Tuesday, December 13, 2011
Local Lawyers Gearing Up for 2012 Judicial Contests
By SHERRI M. OKAMOTO, Staff Writer
At least five local attorneys are exploring a possible run for the Los Angeles Superior Court bench next year, the MetNews has learned.
Deputy District Attorney Andrea Thompson, Deputy City Attorney Matthew Schonbrun and Woodland Hills private practitioner Laurence N. Kaldor have each established campaign websites, while Deputy District Attorney Eric Harmon has retained the services of Hal Dash of Cerrell Associates Inc. as an advisor.
Consultant David Gould said yesterday that he is working with Thompson and Deputy District Attorney Sean Coen as both their treasurer and advisor. Gould is also Kaldor’s consultant and Harmon’s treasurer.
Thompson, Kaldor, and Coen could not be reached for comment yesterday.
Harmon, a prosecutor in the district attorney’s Major Crimes division, said yesterday that he is “really excited to run” because becoming a judge “has been a dream and a goal for a long time,” and that he was “humbled” to have already secured District Attorney Steve Cooley’s endorsement.
According to his curriculum vitae, Harmon has prosecuted 60 felony jury trials and 25 misdemeanors during his 12 years with the office. Notable cases include the successful prosecution of former Ventura County-based gold magnate James Fayeed for the murder-for-hire of his wife earlier this year, as well as the 2008 trial of Compton gang member Steven Cheatham.
Harmon told the MetNews that he felt “really lucky to have had a chance to serve in the D.A.’s office,” and that appearing before the criminal court bench—especially Judges Kathleen Kennedy, Robert Perry, and Michael Pastor—has been “inspirational” for him.
He said he intends to run “no matter what” in an open seat, even if that entails a contest with a colleague, and his consultant hinted that Harmon’s war chest may deter other candidates from declaring for the same position.
Dash said that Harmon already has over $110,000 and plans to have “in the vicinity of $150 to $200,000” on hand for the primary.
The consultant related that “it’s nice to have a candidate where money will not be an object, not just because of his personal means but a big network of friends and supporters,” noting that much support comes from associates of Harmon’s wife, Sarah Aubrey, an attorney-turned-Hollywood producer.
Dash quipped that Harmon has one other stellar virtue for a candidate, in that “he’s willing to take advice.”
Harmon graduated magna cum laude and Phi Beta Kappa from UC Berkeley, where he played varsity rugby and was a five-time national champion and All-American fullback. He then attended law school at the University of Texas and joined the California State Bar in 1998.
Schonbrun said yesterday that he felt qualified to become a judge based on his knowledge of the law, garnered from over 10,000 hours spent in the courtrooms, and his work on developing an appropriate “judicial temperament.”
“I’m in court every single day,” he explained, so he has seen “how important it is for those who take that role as a judge to be even-handed and neutral.”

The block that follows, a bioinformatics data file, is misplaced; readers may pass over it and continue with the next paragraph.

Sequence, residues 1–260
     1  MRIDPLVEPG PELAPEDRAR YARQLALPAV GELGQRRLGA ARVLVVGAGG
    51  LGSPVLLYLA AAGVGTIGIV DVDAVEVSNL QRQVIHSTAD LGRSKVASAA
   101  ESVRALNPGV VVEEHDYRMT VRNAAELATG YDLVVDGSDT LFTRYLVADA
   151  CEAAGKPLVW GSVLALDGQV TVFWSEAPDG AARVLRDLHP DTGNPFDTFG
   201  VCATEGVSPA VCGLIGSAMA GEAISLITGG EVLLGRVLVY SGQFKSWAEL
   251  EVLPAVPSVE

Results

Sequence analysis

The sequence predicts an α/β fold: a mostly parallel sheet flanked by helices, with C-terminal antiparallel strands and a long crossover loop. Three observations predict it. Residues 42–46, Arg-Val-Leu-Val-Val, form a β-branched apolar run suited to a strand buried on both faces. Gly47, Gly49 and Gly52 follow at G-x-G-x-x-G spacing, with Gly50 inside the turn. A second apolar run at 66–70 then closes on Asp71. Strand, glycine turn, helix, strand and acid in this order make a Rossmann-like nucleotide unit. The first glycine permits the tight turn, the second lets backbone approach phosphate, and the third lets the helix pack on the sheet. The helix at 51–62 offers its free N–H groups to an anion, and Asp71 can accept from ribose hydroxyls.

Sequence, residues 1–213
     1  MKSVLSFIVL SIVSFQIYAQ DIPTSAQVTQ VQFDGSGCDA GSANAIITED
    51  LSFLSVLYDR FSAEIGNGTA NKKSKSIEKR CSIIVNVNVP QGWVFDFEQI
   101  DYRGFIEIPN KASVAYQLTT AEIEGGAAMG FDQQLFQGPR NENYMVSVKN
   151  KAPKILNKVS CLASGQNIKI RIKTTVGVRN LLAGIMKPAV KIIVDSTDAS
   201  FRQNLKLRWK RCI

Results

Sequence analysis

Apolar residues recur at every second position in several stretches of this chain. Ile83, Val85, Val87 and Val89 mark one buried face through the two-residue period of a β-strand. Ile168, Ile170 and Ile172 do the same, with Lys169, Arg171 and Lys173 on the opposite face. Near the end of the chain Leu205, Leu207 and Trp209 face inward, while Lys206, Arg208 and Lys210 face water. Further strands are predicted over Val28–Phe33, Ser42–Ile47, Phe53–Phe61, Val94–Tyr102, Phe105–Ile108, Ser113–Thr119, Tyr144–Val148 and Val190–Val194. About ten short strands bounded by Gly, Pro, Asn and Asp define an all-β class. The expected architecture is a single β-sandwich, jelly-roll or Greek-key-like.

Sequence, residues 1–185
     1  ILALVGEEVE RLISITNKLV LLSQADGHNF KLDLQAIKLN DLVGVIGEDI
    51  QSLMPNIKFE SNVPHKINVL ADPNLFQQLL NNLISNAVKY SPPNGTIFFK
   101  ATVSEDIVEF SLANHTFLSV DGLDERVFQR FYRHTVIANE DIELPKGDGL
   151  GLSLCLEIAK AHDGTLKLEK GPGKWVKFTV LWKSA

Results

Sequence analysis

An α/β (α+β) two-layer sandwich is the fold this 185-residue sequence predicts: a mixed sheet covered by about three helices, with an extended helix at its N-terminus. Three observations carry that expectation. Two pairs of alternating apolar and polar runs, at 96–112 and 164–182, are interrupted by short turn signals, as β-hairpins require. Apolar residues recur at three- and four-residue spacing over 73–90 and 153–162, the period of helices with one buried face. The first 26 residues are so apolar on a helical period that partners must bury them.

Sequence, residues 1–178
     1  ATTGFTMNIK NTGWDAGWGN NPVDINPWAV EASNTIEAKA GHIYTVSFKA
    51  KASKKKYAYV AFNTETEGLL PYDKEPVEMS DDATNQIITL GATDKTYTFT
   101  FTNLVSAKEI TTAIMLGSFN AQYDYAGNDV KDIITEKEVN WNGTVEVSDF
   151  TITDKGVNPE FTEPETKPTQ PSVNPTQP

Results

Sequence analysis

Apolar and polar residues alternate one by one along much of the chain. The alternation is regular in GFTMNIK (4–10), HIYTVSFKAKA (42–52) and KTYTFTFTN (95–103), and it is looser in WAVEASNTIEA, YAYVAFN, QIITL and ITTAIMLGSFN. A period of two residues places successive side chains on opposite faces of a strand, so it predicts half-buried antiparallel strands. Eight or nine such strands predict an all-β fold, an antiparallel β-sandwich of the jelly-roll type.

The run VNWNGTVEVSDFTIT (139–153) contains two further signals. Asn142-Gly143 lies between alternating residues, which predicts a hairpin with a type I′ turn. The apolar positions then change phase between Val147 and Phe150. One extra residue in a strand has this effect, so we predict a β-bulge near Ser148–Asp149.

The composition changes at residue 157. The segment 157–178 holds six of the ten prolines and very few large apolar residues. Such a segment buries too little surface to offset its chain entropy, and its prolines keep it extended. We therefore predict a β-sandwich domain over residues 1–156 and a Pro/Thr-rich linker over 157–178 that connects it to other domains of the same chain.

The prosecutor said he has “worked on myself” by ‘being introspective” to develop an ability to “deal with opposing counsel and the people I work with in a calm way, in a professional way.”
Schonbrun said his colleagues tease him by saying, “if you were any calmer, I’d have to check for a pulse.” Being a judge, he said, is “a calling, an absolute calling,” for him. “I enjoy being of service to other people,” and as a judge, he said he felt he could best “effect positive changes in people’s lives.”
Next year will mark his 10th with the city attorney’s office, and Schonbrun said he felt “ready for a new challenge” at this point.
He said he plans “to raise six figures” and to pursue an open seat. “If someone wants to run against me, that’s fine,” Schonbrun added.
Schonbrun, a graduate of UC Santa Cruz and Thomas M. Cooley Law School in Michigan, has secured consultant Brendan Huffman as his advisor; this will be Huffman’s first foray into judicial elections.
His endorsers, according to his website, include Superior Court Judge Lauren Weis Birnstein, Marcelita V. Haynes, Elaine Mandel, Mary Lou Villar de Longoria, and Deborah Sanchez, as well as retired Judges Randolph Moore and Carlos Velarde, and Commissioner James B. Copelan.
Thompson is the deputy in charge of Stuart House, a public-private partnership
that serves the west judicial district of Los Angeles County. It houses professional staff from the county Department of Children’s Services, district attorney’s office and the Los Angeles Police Department.
She attended the University of South Dakota and McGeorge Law School before joining the State Bar in 1984.
Kaldor, a graduate of State University of New York and Golden Gate University law school, has focused his practice on family law since he was admitted in 1996.
He is an active volunteer with the Harriet Buhai Center for Family Law, according to his campaign website, and lists one of its attornesy, Judith Schwartz-Behar, among his supporters.
Others who have given Kaldor their endorsement include Douglas W. Kmiec, a former U.S. ambassador and Pepperdine University School of Law faculty member, and Rachelle M. Neshkes, a staff attorney for Community Legal Services.
Declarations of intent to run for judge in the June primary must be filed between Jan. 30 and Feb. 8, although there will be an extension to Feb. 13 in open seats.
Copyright 2011, Metropolitan News Company